eBay’s VP Christopher Payne at IRCE
Thanks Christopher for continuing the theme of my previous post by mentioning right away that “the race is on” in ecommerce. Before we race into Christopher’s comments, though, let’s take a look at what actual retailers are dealing with every day. Here’s a recent video about customer service on the ShopVisible ecommerce platform by Kevin Suda, Manager E-Commerce, at Incipio: httpv://www.youtube.com/watch?v=WYN-e2NtBXc
Keeping in mind retailers driving growth value integration and customer service, I wonder about those options when Christopher shared that:
- eBay’s making major acquisitions at a fast pace–from Magento, the ecommerce platform, to Milo, a local search firm, to where.com and RedLaser, a barcode scanning app.
- He says integrating local is the biggest thrust for the etailer. “Our goal is to bring all offline inventory online.”
The company is also integrating a free Quickbooks Point of Sale device named Fetch to help small etailers to interface with eBay.
“We are building a cloud-based open commerce operating system. It will provide demand generation, payment, identity, and fulfillment, as well as analytics, customer service and loyalty programs….” eBay calls this thing of beauty “x.commerce.” (X as in x-men? x as in “we haven’t figured it out yet but it’ll be cool?)
“One of the things I am most excited about is that in order to make a platform work well you need a large community of developers that can build on that platform. eBay and Paypal have been building out the developer network to allow that to happen. There are about 60,000 Paypal developers.”
Christopher summarized it that it’s an exciting time to be in ecommerce. Clearly eBay intends to be leading the pack.
A few things he didn’t address, however, are that larger retailers are looking for stability. Magento, Fetch, Milo and others in the eBay family are agressive, and that’s great–but sites with major traffic peaks and valleys in service don’t sit easily on a volatile platform constantly under development by a massive, loosely organized developer network. eBay’s path is clear and Christopher developed the message with confidence–it remains to be seen if more than mom and pop retailers want to pay attention. He also painted a big sketch of where eBay is going with x.commerce…. but it remains a cloudy picture with that x not quite in focus. Bringing products online is one thing–but is using Milo to “fetch” product on eBay really going to drive the sales that serious retailers demand?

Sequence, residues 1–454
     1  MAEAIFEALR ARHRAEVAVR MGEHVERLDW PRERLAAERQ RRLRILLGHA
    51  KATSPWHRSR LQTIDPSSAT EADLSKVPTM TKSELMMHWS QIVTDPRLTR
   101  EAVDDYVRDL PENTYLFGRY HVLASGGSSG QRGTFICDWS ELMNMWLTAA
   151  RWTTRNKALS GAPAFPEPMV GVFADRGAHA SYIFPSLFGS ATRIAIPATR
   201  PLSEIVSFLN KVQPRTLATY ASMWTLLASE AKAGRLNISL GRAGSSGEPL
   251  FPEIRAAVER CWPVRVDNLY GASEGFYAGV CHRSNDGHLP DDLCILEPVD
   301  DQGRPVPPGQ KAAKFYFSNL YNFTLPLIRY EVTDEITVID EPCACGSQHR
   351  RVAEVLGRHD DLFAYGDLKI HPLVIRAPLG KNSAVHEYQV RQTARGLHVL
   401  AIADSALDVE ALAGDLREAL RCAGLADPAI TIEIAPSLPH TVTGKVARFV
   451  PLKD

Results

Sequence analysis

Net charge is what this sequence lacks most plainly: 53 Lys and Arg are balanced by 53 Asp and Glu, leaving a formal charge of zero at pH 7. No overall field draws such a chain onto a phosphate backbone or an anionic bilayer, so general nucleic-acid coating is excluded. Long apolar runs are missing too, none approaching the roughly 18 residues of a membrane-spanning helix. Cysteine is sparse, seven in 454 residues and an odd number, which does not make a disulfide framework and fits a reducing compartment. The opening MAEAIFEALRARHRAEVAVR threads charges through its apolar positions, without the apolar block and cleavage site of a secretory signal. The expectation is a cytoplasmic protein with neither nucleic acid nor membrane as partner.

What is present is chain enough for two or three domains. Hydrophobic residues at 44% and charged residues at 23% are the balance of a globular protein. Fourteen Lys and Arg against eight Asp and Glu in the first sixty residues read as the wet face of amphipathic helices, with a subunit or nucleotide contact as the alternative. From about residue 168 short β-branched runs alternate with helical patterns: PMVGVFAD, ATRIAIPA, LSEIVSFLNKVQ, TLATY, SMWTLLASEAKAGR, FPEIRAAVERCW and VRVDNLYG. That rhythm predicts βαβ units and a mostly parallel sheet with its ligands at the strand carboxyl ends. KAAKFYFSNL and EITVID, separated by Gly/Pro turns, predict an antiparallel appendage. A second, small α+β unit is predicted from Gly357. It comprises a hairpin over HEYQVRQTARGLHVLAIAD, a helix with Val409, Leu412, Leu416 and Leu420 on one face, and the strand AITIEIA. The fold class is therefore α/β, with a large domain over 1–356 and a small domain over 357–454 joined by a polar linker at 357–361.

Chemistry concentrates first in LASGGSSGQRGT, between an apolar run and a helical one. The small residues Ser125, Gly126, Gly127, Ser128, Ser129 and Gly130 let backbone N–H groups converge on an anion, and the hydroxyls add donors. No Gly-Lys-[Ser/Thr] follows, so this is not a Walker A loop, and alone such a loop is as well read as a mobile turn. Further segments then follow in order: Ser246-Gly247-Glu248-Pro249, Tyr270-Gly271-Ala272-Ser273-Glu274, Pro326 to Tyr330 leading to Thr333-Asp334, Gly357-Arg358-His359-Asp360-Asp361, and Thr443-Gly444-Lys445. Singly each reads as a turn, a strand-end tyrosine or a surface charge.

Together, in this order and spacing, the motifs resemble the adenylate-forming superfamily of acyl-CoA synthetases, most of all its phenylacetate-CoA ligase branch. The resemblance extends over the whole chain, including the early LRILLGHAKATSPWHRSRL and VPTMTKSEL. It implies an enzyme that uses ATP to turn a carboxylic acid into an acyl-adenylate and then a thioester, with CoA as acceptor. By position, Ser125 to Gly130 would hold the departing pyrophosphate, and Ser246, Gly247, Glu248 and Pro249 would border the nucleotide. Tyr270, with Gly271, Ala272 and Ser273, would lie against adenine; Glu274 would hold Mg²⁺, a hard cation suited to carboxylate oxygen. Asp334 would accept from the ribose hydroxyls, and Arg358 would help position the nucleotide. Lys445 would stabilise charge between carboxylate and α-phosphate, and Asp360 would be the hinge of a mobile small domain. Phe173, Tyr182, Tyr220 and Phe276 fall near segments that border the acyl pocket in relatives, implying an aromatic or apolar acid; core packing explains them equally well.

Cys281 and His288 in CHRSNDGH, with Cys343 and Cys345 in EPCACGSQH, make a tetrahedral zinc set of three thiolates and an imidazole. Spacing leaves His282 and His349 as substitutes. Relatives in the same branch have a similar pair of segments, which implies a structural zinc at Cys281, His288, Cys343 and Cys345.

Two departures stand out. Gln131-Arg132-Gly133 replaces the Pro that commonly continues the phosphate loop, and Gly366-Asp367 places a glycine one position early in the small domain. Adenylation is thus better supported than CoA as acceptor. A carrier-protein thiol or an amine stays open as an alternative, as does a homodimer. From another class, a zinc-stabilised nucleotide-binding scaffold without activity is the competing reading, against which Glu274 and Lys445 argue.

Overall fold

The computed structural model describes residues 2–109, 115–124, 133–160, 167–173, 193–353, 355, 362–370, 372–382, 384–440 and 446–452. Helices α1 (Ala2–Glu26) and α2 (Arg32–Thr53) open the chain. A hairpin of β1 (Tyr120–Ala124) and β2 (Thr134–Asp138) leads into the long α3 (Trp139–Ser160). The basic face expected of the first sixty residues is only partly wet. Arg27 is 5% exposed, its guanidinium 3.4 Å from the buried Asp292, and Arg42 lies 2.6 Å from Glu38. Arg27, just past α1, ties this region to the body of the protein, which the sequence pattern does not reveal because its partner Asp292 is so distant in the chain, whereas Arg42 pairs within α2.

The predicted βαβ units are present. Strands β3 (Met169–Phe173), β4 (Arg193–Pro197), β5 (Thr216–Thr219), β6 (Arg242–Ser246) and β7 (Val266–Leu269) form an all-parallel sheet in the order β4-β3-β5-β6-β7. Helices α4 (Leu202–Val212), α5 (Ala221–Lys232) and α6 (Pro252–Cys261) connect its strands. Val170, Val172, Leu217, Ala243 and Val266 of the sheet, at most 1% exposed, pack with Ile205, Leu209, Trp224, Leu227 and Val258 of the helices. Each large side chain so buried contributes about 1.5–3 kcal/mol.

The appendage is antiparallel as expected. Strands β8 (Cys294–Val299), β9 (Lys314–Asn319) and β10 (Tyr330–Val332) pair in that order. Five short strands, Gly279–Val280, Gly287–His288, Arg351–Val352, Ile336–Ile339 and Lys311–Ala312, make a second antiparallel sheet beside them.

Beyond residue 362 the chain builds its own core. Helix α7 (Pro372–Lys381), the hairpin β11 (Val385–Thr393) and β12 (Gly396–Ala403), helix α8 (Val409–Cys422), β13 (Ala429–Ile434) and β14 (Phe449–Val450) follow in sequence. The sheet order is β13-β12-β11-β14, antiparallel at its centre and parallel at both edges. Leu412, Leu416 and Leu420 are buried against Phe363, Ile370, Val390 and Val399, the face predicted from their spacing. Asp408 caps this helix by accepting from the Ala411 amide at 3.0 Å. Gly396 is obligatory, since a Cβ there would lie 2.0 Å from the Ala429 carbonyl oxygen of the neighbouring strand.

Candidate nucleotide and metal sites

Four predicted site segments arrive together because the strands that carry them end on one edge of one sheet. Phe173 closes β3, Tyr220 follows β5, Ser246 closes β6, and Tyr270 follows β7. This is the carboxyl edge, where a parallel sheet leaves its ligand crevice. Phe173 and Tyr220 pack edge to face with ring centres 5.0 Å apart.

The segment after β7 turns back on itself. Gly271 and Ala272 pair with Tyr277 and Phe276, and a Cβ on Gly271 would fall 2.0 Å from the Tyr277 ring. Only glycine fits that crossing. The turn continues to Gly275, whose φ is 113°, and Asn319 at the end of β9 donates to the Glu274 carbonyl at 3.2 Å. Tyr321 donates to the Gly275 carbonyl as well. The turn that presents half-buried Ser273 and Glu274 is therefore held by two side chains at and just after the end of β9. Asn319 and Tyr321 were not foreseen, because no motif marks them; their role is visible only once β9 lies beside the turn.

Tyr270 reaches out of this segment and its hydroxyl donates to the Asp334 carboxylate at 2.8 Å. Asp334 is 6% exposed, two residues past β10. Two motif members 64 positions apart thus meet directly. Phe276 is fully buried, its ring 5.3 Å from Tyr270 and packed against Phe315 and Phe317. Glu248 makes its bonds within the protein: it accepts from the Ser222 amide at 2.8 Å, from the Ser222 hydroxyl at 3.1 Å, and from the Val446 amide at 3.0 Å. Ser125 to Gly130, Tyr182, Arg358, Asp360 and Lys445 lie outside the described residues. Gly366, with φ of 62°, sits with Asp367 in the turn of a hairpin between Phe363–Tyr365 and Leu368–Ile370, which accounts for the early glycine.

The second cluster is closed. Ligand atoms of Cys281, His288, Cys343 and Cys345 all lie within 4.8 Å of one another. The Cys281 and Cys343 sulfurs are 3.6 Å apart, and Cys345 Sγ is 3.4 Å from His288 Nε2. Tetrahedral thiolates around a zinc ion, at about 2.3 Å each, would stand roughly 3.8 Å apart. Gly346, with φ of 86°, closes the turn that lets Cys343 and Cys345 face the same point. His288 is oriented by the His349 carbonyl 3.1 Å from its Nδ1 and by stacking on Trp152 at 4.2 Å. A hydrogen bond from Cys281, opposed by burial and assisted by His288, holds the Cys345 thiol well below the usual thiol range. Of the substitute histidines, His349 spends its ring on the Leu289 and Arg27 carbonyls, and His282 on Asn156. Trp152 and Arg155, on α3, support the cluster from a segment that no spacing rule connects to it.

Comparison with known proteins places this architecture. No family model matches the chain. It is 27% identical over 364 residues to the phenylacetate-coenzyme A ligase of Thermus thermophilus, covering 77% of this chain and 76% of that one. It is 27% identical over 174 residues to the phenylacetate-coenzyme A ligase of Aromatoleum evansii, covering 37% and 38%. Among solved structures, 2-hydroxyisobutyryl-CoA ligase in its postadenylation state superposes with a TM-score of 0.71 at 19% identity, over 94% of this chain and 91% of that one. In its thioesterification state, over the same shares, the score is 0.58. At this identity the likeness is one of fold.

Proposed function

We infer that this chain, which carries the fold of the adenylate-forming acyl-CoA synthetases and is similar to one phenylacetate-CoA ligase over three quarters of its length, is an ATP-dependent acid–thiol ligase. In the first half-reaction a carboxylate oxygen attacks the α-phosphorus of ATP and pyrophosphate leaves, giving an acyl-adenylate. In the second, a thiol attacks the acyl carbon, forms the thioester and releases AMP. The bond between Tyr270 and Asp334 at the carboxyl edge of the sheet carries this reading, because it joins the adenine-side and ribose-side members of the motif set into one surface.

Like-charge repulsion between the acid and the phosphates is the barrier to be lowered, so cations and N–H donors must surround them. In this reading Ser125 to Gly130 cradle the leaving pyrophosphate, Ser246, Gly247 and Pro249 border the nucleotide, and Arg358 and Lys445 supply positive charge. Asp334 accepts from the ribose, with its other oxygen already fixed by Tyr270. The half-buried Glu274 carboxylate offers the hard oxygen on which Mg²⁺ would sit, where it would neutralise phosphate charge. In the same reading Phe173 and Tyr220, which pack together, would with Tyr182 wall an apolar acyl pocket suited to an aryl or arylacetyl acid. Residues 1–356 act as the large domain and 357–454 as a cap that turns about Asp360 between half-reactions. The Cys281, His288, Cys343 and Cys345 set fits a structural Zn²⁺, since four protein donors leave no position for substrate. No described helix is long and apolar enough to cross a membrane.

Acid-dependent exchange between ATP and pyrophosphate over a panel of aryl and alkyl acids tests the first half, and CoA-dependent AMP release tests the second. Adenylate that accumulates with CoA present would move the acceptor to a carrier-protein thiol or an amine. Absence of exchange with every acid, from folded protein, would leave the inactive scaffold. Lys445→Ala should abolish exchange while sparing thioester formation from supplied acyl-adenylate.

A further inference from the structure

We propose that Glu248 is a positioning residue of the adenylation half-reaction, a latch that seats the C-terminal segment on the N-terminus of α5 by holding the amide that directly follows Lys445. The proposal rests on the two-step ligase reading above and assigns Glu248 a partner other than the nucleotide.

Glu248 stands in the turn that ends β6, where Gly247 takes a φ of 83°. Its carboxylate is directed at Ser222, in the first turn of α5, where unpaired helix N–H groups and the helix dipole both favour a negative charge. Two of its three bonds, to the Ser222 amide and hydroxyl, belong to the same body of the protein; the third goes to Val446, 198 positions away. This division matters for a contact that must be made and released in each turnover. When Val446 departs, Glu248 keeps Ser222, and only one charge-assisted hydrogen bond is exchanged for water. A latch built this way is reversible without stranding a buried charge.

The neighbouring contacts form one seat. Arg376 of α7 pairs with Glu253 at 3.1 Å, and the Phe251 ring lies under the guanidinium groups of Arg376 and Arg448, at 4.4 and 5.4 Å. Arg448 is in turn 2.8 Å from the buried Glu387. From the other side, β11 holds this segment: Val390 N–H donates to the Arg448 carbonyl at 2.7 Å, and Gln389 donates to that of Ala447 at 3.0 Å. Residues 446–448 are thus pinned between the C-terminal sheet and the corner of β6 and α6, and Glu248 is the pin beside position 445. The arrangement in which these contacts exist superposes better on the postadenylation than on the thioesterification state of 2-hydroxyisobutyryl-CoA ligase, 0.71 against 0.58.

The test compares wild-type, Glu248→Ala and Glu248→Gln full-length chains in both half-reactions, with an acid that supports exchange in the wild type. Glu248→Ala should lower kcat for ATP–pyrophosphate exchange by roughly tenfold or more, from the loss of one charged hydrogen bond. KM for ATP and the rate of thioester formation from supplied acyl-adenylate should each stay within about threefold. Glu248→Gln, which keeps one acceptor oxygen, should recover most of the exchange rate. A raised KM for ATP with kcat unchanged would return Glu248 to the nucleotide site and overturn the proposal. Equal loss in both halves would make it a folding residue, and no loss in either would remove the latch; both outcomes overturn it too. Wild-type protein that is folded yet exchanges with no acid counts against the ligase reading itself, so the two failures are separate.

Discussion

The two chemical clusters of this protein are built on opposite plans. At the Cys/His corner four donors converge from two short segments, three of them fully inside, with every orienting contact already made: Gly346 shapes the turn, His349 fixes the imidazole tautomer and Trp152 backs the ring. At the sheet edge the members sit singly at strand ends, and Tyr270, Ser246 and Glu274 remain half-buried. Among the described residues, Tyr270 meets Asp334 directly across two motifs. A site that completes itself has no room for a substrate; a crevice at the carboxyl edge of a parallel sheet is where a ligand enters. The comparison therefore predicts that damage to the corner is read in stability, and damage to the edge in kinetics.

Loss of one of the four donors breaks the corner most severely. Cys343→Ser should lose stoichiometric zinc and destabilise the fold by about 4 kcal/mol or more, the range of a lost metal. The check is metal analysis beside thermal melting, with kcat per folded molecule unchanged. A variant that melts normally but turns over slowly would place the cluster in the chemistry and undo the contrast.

For that, some enterprise retailers like Target and Best Buy turn to the megaliths of product search like Channel Intelligence, which just reported at IRCE that “a 58 percent year-over-year increase in sales on Google in the first quarter of FY2011 on a same-seller basis. This industry-leading performance is at least two times greater than the results reported by other providers.” (Worth asking a question about that at the booth today.) You can see a summary report by Internet Retailer here.
And finally, leaving the session, a big retailer I know mentioned to me, “eBay sounds good but the price point would put me out of business,” pointing out yet another issue with consolidators and aggregators like Amazon or eBay. Taking a note from our work with the hotel industry–where those who hold room inventory are often locked into working with consolidators like Orbitz and TripAdvisor–profit margin is a big point to ponder when you pick platform.